“Do you love your dad or your mom more?”
“Before the divorce I thought Dad was cool and Mom was a bitch, but then I kind of realized why she dumped his ass.”
Staring at the brown ground, which was half-frozen and felt lumpy under her feet, Amy remembered cooking for herself when she stayed with her father, the phone not working because he hadn’t paid the bills, and the time he forgot to pick her up from the hockey arena and all her friends had left. She took a deep breath, trying to decide what to say. Being interviewed was harder than she expected. “My dad’s kind of an embarrassing person. He’s this fat, bald guy who works in a call center and jams in the basement with his best friend doing classic rock covers, and he’s, like, not a great singer.” She did not add the other things that came to mind about him; he defaulted on his support payments, and he had lost money in a pyramid scheme. While she cared for him, she did not respect him.
Poison continued, “Does your mother love you?”
Amy tossed her head. “My mother thinks lesbianism is something I’ve picked up at university and I’ll get over it the minute I decide to breed.” Did her mother love her? Amy had no idea. It occurred to her for the first time that homeless people didn’t lack shelter so much as love. Talking about how your family had failed to give you enough love was really hard. She looked up at Poison. “Can we end this?”
Poison lowered the camera, closed the shutter, and put the protective case on.
Amy asked, “Can I film you?” She felt vulnerable, wanted to even things up between them somehow.
There was a slight shake of Poison’s head. “I don’t have anything to say. I’ve already told you that.”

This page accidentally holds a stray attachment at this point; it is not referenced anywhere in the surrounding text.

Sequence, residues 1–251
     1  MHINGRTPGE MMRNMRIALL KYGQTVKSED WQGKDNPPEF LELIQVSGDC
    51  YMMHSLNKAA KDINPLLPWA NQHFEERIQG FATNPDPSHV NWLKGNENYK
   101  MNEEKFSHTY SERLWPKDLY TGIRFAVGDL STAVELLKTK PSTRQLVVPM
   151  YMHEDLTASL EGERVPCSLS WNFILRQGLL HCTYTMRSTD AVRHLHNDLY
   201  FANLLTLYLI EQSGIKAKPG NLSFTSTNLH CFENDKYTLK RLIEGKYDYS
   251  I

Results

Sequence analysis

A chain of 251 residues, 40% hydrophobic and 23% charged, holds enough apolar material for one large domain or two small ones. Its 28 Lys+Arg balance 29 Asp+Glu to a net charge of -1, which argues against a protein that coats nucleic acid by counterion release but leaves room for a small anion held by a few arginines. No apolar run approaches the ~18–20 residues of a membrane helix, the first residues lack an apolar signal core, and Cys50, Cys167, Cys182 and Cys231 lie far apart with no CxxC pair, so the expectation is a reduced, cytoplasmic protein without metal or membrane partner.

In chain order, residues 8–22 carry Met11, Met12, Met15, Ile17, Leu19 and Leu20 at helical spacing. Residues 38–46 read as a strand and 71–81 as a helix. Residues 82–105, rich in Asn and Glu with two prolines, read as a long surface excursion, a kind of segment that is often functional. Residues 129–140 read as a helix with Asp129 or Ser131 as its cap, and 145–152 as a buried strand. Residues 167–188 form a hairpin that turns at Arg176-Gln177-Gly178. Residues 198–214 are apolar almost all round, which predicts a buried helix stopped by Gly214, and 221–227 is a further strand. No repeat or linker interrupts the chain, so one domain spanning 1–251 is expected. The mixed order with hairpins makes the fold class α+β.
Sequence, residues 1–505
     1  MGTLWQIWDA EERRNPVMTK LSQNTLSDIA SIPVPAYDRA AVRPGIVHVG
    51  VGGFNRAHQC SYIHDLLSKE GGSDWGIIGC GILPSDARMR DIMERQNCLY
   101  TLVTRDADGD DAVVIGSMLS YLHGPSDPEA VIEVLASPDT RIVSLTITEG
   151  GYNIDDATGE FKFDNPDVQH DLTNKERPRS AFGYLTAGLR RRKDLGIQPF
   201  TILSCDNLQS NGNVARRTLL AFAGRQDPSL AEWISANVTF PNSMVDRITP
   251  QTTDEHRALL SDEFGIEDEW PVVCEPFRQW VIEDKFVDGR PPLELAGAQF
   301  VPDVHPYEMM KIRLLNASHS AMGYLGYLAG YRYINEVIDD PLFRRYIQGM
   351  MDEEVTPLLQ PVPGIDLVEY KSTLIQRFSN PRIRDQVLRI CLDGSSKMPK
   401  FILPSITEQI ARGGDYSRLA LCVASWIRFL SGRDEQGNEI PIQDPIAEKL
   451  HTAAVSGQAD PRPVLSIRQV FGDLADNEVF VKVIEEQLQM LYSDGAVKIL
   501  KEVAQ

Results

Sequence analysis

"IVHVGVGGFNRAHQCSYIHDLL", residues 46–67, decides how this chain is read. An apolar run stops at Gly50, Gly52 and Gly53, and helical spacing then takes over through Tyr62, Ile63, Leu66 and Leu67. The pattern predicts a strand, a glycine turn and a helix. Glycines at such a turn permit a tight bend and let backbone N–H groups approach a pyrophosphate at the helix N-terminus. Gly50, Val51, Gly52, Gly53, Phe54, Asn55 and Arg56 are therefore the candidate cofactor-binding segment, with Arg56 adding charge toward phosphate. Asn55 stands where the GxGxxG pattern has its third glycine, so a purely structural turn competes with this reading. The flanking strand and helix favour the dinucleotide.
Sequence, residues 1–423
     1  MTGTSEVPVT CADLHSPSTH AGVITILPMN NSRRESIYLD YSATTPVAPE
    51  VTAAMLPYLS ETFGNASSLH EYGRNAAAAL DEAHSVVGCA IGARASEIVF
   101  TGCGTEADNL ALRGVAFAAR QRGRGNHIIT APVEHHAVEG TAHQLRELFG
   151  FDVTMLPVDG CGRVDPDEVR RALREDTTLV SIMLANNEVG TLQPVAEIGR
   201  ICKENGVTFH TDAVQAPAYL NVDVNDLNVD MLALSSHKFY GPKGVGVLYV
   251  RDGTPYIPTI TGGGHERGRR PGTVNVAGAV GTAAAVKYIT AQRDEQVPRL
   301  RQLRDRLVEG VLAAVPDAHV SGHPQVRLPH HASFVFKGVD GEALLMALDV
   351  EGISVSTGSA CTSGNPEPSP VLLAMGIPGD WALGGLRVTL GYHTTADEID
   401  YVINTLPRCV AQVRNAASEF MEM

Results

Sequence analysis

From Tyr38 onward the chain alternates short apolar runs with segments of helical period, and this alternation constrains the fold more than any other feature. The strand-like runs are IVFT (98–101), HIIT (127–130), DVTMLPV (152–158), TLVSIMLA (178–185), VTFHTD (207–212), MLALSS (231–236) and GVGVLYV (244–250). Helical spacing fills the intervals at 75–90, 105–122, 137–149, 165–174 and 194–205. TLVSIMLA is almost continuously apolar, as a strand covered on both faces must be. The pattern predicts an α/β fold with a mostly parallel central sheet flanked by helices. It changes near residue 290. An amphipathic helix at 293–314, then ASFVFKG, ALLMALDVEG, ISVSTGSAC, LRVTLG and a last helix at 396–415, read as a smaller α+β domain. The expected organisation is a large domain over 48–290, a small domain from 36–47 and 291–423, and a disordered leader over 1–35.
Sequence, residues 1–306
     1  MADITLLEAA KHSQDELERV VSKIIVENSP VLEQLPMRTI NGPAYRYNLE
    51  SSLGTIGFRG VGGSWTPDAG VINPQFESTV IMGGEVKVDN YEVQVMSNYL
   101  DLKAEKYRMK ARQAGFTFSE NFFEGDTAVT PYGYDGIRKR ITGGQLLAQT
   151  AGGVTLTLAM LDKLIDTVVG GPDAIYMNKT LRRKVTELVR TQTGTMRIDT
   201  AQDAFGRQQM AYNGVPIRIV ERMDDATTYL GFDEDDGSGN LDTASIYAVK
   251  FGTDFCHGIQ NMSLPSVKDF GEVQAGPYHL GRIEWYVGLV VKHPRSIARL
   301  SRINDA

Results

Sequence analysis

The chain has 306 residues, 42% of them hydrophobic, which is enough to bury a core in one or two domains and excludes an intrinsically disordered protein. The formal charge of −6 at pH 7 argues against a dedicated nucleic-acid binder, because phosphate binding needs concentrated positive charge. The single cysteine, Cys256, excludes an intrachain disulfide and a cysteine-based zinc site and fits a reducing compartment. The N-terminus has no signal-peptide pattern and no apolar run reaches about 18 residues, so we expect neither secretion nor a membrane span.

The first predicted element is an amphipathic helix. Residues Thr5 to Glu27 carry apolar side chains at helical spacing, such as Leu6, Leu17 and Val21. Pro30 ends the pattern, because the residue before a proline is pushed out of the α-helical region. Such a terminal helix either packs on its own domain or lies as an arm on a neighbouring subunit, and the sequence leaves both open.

“I think you have lots to say.” This was supposed to be encouraging but came out bitchy. How had Amy come to accept this tacit bargain in which she pretended it was cool Poison had a fucked-up life? And why couldn’t they talk about it? Because, Amy realized, talking might mean judging. They also never discussed being white, being black.
When Amy started editing, Poison wanted to know how it was done. Amy showed her, and a few days later discovered Poison had added a little sequence. She had filmed herself sprawled in a leather armchair watching television with a stupefied expression. She picked up a handgun and pointed it at the television screen, which suddenly went fuzzy.
“Do you like it?” Poison asked eagerly. “The gun’s fake of course.”
Amy opened her mouth to speak but couldn’t—she was caught between anger and admiration.
“Do you get it? I’m saying society and media images of homeless people are bullshit and need to be destroyed. And now I’m in the film like you wanted!”
“I wanted images of cops,” Amy replied. Except Poison’s idea was better.
Poison looked crushed, appeared to be on the verge of pouting, which Amy found rather repulsive. She would not have been able to justify it, but she felt she should be the only pouter in the relationship; Poison’s role was to mollify her. Amy sighed, then told Poison the truth. “What you did is great, but you’re doing too much. It’s not my film anymore.”
“You don’t mind in bed.” Poison’s shoulders bristled. “There it’s fine for me to do everything.”